Posted on 22 March 2011.
KRISTEN BAIN, Plaintiff,
ONEWEST BANK, F.S.B; DEUTSCHE BANK NATIONAL TRUST COMPANY; MORTGAGE ELECTRONIC REGISTRATION SYSTEMS, INC; REGIONAL TRUSTEE SERVICES CORPORATION; Defendants.
Case No. C09-0149-JCC.
United States District Court, W.D. Washington, Seattle.
March 15, 2011.
F. Consumer Protection Act
Finally, Plaintiff alleges that Defendants violated the Consumer Protection Act (“CPA”). To state a claim under the CPA, Plaintiff must show (1) an unfair or deceptive act or practice, (2) in trade or commerce, (3) that impacts the public interest, (4) which causes injury to the plaintiff in his or her business or property, and (5) which injury is causally linked to the unfair or deceptive act. Griffith v. Centex Real Estate Corp., 969 P.2d 486, 492 (Wash. Ct. App. 1998).
MERS asserts that Plaintiff has not shown an unfair or deceptive practice on its part, has not shown how any act of MERS impacts the public interest, and presents nothing showing injuries caused by an unfair or deceptive practice by MERS. The Court disagrees. Like her other claims arising under the Deed of Trust Act, Plaintiff’s CPA claims depend on whether MERS may be the beneficiary (or nominee of the beneficiary) under Washington state law. MERS’s attempt to serve as the beneficiary may have been improper under state law and it may have led to widespread confusion regarding home ownership, payment delivery, and negotiable positions. If MERS violated state law, its conduct may very well be classified as “unfair” under the CPA. There is no doubt that MERS’s conduct impacts the public interest. See Hangman Ridge Training Stables, Inc. v. Safeco Title Ins. Co., 719 P.2d 531, 537-38 (Wash. 1986) (listing factors for determining public interest); Peterson, supra, at 1362 (“Although MERS is a young company, 60 million mortgage loans are registered on its system.”); R. K. Arnold, Yes, There Is Life on MERS, 11 Prob. & Prop. 32, 33 (1997) (“Some have called MERS the most significant event for the mortgage industry since the formation of Fannie Mae and Freddie Mac. Others have compared it to the creation of uniform mortgage instruments, which have become standard throughout the residential mortgage industry. This suggests that the journey to MERS will have a tremendous effect on the mortgage industry.”). And the harm Plaintiff may have suffered because of MERS’s conduct may include expending resources to avert an unlawful foreclosure and preventing Plaintiff from identifying the real beneficiary and negotiating a new arrangement to avoid foreclosure.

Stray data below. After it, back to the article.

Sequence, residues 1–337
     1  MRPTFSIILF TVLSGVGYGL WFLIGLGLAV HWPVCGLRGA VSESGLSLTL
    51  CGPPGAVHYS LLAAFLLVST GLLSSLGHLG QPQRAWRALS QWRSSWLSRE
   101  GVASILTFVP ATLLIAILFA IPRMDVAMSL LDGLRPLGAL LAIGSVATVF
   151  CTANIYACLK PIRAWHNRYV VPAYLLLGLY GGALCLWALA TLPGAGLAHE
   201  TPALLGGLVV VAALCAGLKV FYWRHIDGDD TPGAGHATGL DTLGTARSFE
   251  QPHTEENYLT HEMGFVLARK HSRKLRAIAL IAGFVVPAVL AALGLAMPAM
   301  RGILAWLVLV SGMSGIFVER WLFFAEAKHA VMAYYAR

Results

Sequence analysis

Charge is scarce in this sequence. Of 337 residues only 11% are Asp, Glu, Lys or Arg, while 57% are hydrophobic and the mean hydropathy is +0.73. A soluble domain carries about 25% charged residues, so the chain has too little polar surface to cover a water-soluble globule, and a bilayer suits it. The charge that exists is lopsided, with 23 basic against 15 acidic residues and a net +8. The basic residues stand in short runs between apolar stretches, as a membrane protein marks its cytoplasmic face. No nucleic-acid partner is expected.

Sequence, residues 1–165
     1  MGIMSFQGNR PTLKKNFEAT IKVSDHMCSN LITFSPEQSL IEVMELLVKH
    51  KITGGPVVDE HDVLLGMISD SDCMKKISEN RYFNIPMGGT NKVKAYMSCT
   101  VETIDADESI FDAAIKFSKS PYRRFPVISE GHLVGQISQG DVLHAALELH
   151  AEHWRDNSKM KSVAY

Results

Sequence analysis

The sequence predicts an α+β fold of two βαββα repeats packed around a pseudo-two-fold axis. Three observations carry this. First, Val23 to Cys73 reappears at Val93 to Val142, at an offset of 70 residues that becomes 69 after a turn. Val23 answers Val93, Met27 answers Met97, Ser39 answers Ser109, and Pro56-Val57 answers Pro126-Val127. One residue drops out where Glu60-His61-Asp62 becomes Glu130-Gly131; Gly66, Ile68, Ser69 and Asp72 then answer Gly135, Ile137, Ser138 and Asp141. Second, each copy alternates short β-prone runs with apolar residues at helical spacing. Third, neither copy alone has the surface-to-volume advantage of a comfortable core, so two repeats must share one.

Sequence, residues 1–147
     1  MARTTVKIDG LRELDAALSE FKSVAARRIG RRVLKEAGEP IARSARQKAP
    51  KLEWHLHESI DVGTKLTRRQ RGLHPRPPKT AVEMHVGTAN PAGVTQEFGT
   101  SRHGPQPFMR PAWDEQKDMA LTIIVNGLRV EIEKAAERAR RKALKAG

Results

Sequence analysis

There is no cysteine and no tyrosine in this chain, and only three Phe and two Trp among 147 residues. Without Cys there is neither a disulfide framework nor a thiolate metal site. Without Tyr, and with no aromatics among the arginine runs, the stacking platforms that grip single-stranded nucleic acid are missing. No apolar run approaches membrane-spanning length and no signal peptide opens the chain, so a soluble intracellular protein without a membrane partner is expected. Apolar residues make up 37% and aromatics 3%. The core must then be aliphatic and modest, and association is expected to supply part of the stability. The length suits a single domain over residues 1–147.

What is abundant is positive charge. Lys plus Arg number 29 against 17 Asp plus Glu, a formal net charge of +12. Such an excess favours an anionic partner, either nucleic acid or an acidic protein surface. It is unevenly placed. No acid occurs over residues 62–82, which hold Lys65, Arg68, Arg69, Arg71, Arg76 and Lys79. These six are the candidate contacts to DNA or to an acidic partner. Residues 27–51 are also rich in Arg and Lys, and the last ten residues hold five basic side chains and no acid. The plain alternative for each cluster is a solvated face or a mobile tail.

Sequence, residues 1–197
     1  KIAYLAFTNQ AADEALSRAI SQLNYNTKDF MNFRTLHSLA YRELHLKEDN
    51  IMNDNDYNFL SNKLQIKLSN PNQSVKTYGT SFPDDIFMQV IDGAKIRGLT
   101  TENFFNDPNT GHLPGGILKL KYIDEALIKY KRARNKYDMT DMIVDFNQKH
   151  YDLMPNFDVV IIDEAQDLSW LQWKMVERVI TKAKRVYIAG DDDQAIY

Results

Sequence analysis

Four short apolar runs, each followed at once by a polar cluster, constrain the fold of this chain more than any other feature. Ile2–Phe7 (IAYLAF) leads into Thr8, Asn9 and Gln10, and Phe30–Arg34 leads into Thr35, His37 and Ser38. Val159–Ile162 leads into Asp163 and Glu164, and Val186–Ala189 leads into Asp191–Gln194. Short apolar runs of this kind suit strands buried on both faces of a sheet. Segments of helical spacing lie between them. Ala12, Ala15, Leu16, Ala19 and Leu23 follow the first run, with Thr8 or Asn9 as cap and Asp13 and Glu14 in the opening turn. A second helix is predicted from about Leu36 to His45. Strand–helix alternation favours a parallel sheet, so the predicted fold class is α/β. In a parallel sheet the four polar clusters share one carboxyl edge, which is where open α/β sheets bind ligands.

The same reasoning applies to Regional, who also argued that Plaintiff cannot show an unfair or deceptive practice or show an impact on the public interest. Regional asserts that it acted appropriately because it was candid and forthcoming about its identity and its authority to conduct the foreclosure. That Regional was candid about its role is not dispositive. See Carlile v. Harbour Homes, Inc., 194 P.3d 280, 289 (Wash. Ct. App. 2008) (“An unfair or deceptive act or practice need not be intended to deceive, it need only have the capacity to deceive a substantial portion of the public.”). Moreover, just as MERS has its hands in countless home loans affecting the general public, so too does Regional play a key role in numerous foreclosure actions affecting the general public. MERS and Regional ultimately may bear no liability under the CPA, but this Court will await the state-court analysis before ruling on the parties’ motions for summary judgment.
Plaintiff admits that she has been delinquent in her mortgage payments. A ruling favorable to Plaintiff in this case and others like it cannot and should not create a windfall for all homeowners to avoid upholding their end of the mortgage bargain—paying for their homes. But a homeowner’s failure to make payments cannot grant lenders, trustees, and so-called beneficiaries like MERS license to ignore state law and foreclose using any means necessary. Whether these and similar defendants complied with Washington state law remains unclear.
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